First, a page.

Tables for the 2019 Great Conversations

Culture and Creativity 

  1. From Subculture to Pop Culture Tattooing is an ancient practice, deeply embedded in many cultures. In recent decades tattoos have become mainstream, an art form embraced throughout our society. Chantel Schieffer, who has worked in many different professional sectors, sports tattoos of her own. She is interested in sharing stories about this art form, as well as exploring how we address body art as commonplace in today’s workplace.
  1. Montana Suspense:?Crown of the Continent Mysteries Chat with award-winning author, Christine Carbo about her best-selling novels of suspense, including how she became a published author, what makes a good mystery and why she’s drawn to setting stories in and around the Crown of the Continent, including the darker side of the area—the side the tourist brochures don’t show. Christine is the author of The Wild Inside, Mortal Fall, The Weight of Night and A Sharp Solitude.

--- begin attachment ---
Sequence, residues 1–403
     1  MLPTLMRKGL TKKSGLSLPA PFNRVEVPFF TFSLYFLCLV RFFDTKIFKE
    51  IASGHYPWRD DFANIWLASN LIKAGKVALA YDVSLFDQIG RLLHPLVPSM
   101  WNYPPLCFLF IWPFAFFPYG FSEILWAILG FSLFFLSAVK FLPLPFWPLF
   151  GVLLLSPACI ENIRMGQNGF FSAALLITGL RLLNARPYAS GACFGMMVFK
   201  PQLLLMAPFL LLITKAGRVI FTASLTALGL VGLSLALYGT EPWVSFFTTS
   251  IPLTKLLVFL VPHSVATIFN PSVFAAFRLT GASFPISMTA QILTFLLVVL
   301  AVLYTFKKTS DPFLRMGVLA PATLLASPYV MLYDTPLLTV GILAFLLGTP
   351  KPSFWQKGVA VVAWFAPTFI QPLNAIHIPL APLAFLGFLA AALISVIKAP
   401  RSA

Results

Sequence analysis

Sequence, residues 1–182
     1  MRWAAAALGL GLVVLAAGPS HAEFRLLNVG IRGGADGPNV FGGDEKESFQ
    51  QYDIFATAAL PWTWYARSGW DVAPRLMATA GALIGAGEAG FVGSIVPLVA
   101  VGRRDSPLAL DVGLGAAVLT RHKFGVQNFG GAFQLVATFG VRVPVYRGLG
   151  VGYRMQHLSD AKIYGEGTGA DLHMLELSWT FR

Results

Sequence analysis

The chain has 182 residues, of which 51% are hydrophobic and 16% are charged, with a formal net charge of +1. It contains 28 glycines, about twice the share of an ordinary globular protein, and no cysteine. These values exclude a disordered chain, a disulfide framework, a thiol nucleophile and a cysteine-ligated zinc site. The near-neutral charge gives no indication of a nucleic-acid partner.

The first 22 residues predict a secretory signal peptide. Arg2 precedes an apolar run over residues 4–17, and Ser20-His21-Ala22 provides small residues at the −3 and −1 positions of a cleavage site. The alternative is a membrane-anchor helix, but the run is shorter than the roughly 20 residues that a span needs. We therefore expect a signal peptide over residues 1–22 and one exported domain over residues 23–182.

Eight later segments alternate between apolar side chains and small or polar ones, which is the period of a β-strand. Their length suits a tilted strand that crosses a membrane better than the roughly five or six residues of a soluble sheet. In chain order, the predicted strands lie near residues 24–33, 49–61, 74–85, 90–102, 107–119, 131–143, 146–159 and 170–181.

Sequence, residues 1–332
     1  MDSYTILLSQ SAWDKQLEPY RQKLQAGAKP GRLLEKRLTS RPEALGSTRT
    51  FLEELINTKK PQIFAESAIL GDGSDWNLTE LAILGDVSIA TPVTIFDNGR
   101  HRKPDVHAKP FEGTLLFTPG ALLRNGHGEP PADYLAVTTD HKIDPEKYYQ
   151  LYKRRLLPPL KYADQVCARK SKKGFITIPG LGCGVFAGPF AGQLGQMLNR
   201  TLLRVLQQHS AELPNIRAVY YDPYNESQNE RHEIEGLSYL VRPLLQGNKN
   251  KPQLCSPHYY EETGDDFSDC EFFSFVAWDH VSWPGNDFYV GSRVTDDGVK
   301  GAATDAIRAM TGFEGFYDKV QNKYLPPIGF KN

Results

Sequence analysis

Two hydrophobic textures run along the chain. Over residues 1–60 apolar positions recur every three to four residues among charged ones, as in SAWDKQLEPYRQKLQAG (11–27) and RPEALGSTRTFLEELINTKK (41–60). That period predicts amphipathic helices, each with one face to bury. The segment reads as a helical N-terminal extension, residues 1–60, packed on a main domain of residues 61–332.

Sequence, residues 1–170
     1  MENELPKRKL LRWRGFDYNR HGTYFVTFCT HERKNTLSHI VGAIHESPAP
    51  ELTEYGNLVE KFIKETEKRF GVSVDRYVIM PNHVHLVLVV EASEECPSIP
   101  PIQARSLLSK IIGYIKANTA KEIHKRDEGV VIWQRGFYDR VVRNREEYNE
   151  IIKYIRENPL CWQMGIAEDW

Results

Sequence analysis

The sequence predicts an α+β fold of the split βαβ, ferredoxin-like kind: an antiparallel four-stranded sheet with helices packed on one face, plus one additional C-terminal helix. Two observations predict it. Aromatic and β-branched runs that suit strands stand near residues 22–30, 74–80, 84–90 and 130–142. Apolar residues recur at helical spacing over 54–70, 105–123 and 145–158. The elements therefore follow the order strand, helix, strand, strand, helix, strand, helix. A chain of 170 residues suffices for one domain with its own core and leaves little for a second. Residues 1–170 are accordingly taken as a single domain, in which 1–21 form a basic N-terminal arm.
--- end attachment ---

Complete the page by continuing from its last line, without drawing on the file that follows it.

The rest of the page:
1. Hardwired for Narrative We are naturally drawn to narrative in its multiple forms; in fact humans are “hardwired” for stories that heal, connect and foster social belonging. Virginia Reeves, author of Work Like Any Other and The Behavior of Love, teaches writing, communication and literature at Helena College. Virginia looks forward to sharing why storytelling is her life’s work and how narrative works in our lives.
  1. Putting on the Dog Putting on the Dog is an American expression that means putting on fancy or expensive clothing to go out on the town. Humans have been putting on the dog—as well as the cow’s hide, the sheep’s wool, the worm’s silk, the duck’s down—for millennia. What we wear represents one of our most profound engagements with the natural world. Join Melissa Kwasny, Montana Poet Laureate and author of Putting on the Dog: The Animal Origins of What We Wear for an off-the-rack discussion about the clothing supply chain from animal or plant to manufacturer to consumer, involving ranchers, hunters, farmers, tanners, dyers, spinners, weavers and many more.